Federal, state and local regulatory agencies have multiple requirements for permits associated with the construction and operation of water-related infrastructure projects. Some permits, such as Corps of Engineers 404 permits and water rights negotiations, can even determine whether the project moves forward or not. Aqua Strategies has worked with multiple law firms and project developers to help craft permit acquisition strategies that meet the needs of the regulatory agencies and stakeholders while streamlining the permit development/review process. Aqua Strategies employs highly qualified professionals, including former regulators and certified mediators, who have earned the credibility needed to negotiate reasonable permitting terms.
Client: Carollo Engineers
Date: 2015 – 2017
Keywords: Permitting; Water Planning; Water Quality; Sediment Modeling; Hydrographic Surveying; Stakeholder Involvement; Decision Support Tools; Data Collection; Data Analysis; Data Visualization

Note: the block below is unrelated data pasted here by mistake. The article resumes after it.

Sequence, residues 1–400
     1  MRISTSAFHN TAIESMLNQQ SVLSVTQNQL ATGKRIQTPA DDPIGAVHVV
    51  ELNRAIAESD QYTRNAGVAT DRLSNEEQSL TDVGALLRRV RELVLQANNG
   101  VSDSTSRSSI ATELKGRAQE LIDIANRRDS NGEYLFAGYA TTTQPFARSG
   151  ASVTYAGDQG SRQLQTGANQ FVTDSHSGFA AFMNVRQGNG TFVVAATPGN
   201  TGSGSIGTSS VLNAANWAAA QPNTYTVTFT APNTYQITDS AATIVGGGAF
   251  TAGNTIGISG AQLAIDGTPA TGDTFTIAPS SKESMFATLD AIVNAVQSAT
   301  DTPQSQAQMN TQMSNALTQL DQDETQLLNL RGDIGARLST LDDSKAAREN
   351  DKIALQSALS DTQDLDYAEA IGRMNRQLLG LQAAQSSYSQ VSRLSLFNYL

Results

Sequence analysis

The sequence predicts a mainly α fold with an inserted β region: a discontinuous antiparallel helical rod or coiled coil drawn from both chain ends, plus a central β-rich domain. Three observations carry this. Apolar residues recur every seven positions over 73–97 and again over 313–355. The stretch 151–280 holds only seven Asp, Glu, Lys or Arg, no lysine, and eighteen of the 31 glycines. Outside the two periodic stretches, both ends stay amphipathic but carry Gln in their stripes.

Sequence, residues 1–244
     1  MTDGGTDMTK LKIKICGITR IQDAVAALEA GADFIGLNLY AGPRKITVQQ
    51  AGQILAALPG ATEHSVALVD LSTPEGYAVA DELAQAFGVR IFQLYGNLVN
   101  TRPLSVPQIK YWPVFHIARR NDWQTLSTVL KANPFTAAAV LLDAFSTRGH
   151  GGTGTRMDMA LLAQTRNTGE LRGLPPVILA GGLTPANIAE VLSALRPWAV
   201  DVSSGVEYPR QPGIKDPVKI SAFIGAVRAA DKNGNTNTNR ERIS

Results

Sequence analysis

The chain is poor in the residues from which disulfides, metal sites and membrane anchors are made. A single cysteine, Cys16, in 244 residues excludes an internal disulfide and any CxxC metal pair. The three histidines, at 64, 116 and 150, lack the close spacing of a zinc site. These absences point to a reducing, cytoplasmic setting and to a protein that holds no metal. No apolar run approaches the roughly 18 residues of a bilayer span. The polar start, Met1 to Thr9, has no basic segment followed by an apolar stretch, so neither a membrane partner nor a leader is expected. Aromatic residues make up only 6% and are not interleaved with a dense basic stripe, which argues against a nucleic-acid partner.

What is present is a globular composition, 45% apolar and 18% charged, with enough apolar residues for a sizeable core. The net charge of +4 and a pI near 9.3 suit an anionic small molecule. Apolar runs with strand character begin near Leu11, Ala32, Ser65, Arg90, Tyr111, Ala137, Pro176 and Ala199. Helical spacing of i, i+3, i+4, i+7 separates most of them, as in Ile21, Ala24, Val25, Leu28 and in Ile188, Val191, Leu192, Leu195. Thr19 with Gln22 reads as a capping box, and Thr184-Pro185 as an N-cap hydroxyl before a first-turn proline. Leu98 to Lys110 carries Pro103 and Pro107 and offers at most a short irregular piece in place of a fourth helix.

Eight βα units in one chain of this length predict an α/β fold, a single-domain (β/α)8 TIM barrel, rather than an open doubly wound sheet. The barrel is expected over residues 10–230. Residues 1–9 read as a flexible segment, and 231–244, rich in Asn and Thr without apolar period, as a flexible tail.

As part of a team obtaining a USACE 404 permit for the excavation of Lake Wichita, Aqua Strategies supported Carollo Engineers in multiple areas. Due to the extensive scope of the project, an individual permit was anticipated, which triggered the need for multiple site-specific studies. Aqua Strategies supported critical tasks associated with water planning, lake level predictions, hydrographic surveys, core surveys, water quality analyses and water modeling.
To support the 404 permit application, multiple options for sediment disposal or reuse were evaluated and presented to the regulatory agencies and other stakeholders. Aqua Strategies developed the alternative for constructed wetlands to use the sediments for beneficial purposes, including flood storage, water quality and improved ecological habitats. In addition, Aqua Strategies developed a data archive structure to manage the large data sets associated with the project.
After extensive work with the client, community, regulatory agencies and affected stakeholders, the USACE 404 permit was approved in 2017.